Page:Dictionary of National Biography volume 36.djvu/328

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Martyn
Martyn
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year he entered Emmanuel College, Cambridge, as a pensioner. Among his early recollections were visits to Sir Hans Sloane, then in extreme old age, bearing copies of his father's publications. At Cambridge Martyn studied classics under Hurd. He became Whichcote scholar in 1753, foundation scholar and Thorpe exhibitioner in 1755, and graduated as fifth senior optime in 1756, having no taste for mathematics. A student of botany from his childhood, he became familiar with the ‘Systema Naturæ,’ the ‘Genera Plantarum,’ and the ‘Critica Botanica’ of Linnæus on their first appearance; but, though he had been brought up by his father as a follower of Ray, the ‘Philosophia Botanica’ (1751) and ‘Species Plantarum’ (1753) converted him to those Linnæan views of which he became one of the earliest English exponents.

Martyn was elected fellow of Sidney Sussex College, and was ordained deacon in 1758, when he proceeded M.A., and priest in the following year. From 1760 to 1774 he acted as tutor of his college. On his father's resignation in 1762 he was elected university professor of botany, a post which he retained for sixty-three years, though he only lectured until 1796, botany not proving a very popular subject. Dr. Richard Walker, vice-master of Trinity College, having given the site of the monastery of Austin Friars for a botanical garden, Martyn became in the same year the first reader in botany under this endowment. In 1763 he gave his first course of lectures, basing them on the Linnæan system, to which Stillingfleet, Lee, Hill, and Hudson had already directed public attention, and which Hope was simultaneously introducing into the university of Edinburgh. In the same year he published his first work, ‘Plantæ Cantabrigienses,’ and spent the long vacation in Holland, Flanders, and Paris. In 1766 he graduated as B.D., and in 1770, on Charles Miller's departure for the East Indies, he began some years' gratuitous service as curator of the university garden, the funds being then at a low ebb.

In 1773, in conjunction with his fellow-tutor, John Lettice [q. v.], Martyn began the publication of ‘The Antiquities of Herculaneum,’ the Italian original of which they had bought for 50l. The Neapolitan court, however, sent a formal protest against the issue of this version of a work ‘designed exclusively for presentation,’ and only one part, containing fifty plates, was ever published. On Martyn's marriage at the close of this year he vacated his fellowship, and was presented by the bishop to the sequestration of Foxton, and went to live at Triplow, near Cambridge, where he took pupils till 1776. At the beginning of 1774 his pupil John Borlase Warren presented him to the rectory of Ludgershall, Buckinghamshire, and in 1776 to the vicarage of Little Marlow, which became his headquarters until 1784.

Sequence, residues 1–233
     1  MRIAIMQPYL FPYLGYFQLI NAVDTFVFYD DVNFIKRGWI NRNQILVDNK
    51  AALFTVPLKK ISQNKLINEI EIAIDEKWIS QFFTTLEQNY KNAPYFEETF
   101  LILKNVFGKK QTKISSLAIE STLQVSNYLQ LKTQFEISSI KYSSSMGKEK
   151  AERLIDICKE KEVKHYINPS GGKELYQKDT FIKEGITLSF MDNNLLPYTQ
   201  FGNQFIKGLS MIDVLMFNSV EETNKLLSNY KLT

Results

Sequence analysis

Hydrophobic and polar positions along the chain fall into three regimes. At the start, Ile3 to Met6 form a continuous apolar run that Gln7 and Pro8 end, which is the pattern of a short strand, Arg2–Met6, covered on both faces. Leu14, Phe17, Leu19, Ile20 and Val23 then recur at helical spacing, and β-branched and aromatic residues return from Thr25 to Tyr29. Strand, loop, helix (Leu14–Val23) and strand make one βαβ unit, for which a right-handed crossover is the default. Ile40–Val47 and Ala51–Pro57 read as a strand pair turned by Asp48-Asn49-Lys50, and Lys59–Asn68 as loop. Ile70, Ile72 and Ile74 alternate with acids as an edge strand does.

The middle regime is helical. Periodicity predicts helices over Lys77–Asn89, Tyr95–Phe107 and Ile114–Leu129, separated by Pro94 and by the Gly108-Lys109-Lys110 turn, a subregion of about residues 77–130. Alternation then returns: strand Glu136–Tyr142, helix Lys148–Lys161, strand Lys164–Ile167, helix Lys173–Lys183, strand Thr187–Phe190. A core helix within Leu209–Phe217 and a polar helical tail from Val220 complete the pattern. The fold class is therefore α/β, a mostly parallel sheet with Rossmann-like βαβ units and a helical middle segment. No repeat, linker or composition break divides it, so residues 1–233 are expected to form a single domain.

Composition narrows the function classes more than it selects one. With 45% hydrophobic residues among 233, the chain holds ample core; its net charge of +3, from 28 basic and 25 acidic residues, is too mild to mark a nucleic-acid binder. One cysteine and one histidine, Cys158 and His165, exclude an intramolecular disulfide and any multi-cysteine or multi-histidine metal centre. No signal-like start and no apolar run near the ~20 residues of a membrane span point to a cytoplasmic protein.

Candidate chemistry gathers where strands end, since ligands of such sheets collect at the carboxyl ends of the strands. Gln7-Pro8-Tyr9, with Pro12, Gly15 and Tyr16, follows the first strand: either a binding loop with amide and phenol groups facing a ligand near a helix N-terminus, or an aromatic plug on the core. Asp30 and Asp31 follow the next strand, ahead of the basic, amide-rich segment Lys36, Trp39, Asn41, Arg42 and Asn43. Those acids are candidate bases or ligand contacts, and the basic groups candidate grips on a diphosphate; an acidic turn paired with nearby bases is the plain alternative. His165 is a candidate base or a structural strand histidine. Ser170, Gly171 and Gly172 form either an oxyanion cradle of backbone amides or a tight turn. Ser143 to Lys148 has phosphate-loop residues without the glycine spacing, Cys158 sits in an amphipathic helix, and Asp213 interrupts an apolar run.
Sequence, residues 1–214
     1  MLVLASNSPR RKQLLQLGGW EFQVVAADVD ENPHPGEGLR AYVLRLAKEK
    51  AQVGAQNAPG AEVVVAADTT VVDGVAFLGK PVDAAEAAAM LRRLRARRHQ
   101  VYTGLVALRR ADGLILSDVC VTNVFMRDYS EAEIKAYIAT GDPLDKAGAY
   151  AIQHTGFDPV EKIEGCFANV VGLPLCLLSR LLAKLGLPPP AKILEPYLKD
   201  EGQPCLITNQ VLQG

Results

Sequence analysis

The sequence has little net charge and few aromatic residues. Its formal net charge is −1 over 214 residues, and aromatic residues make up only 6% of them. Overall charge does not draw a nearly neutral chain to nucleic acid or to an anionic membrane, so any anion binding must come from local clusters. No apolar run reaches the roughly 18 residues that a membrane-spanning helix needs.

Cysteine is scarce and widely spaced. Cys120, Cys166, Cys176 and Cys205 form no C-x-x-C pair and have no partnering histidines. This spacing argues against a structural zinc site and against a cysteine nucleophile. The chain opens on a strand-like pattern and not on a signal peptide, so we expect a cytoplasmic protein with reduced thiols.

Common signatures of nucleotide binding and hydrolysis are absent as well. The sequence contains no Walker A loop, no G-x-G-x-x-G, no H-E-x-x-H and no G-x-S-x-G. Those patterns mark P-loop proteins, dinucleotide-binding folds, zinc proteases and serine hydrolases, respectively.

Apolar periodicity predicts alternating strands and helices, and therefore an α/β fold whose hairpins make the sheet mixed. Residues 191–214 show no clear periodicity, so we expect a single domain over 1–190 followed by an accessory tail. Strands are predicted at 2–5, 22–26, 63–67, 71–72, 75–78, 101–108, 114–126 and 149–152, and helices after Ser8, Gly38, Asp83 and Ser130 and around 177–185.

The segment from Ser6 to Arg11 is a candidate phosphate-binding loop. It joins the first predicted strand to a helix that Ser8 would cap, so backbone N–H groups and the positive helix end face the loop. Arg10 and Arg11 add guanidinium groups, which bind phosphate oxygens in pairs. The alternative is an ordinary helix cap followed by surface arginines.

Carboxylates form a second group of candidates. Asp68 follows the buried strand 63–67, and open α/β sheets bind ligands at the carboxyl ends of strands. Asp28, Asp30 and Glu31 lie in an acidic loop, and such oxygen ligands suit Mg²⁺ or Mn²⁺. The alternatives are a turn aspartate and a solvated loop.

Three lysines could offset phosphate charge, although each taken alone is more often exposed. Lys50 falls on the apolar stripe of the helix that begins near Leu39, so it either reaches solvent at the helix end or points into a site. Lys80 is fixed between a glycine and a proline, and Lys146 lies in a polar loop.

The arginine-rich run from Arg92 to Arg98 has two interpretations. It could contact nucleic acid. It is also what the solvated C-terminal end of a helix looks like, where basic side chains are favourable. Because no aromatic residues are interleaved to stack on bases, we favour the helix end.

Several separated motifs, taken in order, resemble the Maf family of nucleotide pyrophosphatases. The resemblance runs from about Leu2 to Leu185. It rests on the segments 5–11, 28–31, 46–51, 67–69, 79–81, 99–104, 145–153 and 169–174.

In 1778 he accompanied his pupil and ward, Edward Hartopp, of Little Dalby Hall, Leicestershire, for a two years' tour on the continent, taking with him his wife and infant son. After settling for some time at Vandœuvres, near Geneva, they went as far south as Naples, and returned to England by Venice, Tyrol, Cologne, and Brussels. Martyn kept a journal, part of which he afterwards published, and made a large collection of minerals to illustrate lectures on general natural history, with which he now found it expedient to supplement those on botany.

In 1784 he came to London for his son's education, and, having purchased the Charlotte Street Chapel, Pimlico, from Dr. Dodd, resigned the rectory of Ludgershall, in which he was succeeded by his half-brother, Claudius. At this time he produced his most popular work, his translation and continuation of Rousseau's ‘Letters on the Elements of Botany,’ which went through eight editions, and began his most considerable undertaking, his edition of Philip Miller's ‘Gardener's Dictionary.’ This was in fact an entirely new work on the Linnæan system, which he undertook in 1785 for Messrs. White & Rivington for a thousand guineas, expecting to complete it in eleven years. It was not, however, published as a whole until 1807.

In 1791, at the request of Sir J. B. Warren, he became secretary to the Society for the Improvement of Naval Architecture, which lasted until 1796, and in 1793, after thirty years' work, his professorship at Cambridge was made a royal one, and he was given a pension of 100l. per annum.

In 1798 he removed to Pertenhall rectory, Bedfordshire, the home of his cousin, the Rev. John King, who in 1800 resigned the living to the professor's son and only child, John King Martyn, fellow and mathematical lecturer of Sidney Sussex College, and the latter in 1804 resigned it to his father. Here Martyn passed the remainder of his life, his last literary work being to assist Archdeacon Coxe in his edition of Stillingfleet's ‘Tracts,’ 1811, and to contribute a list of plants to Manning and Bray's ‘History of Surrey,’ 1814. He continued to preach until eighty-two years of age, when his biographer, George Cornelius Gorham [q. v.], became his curate. He died at Pertenhall 3 June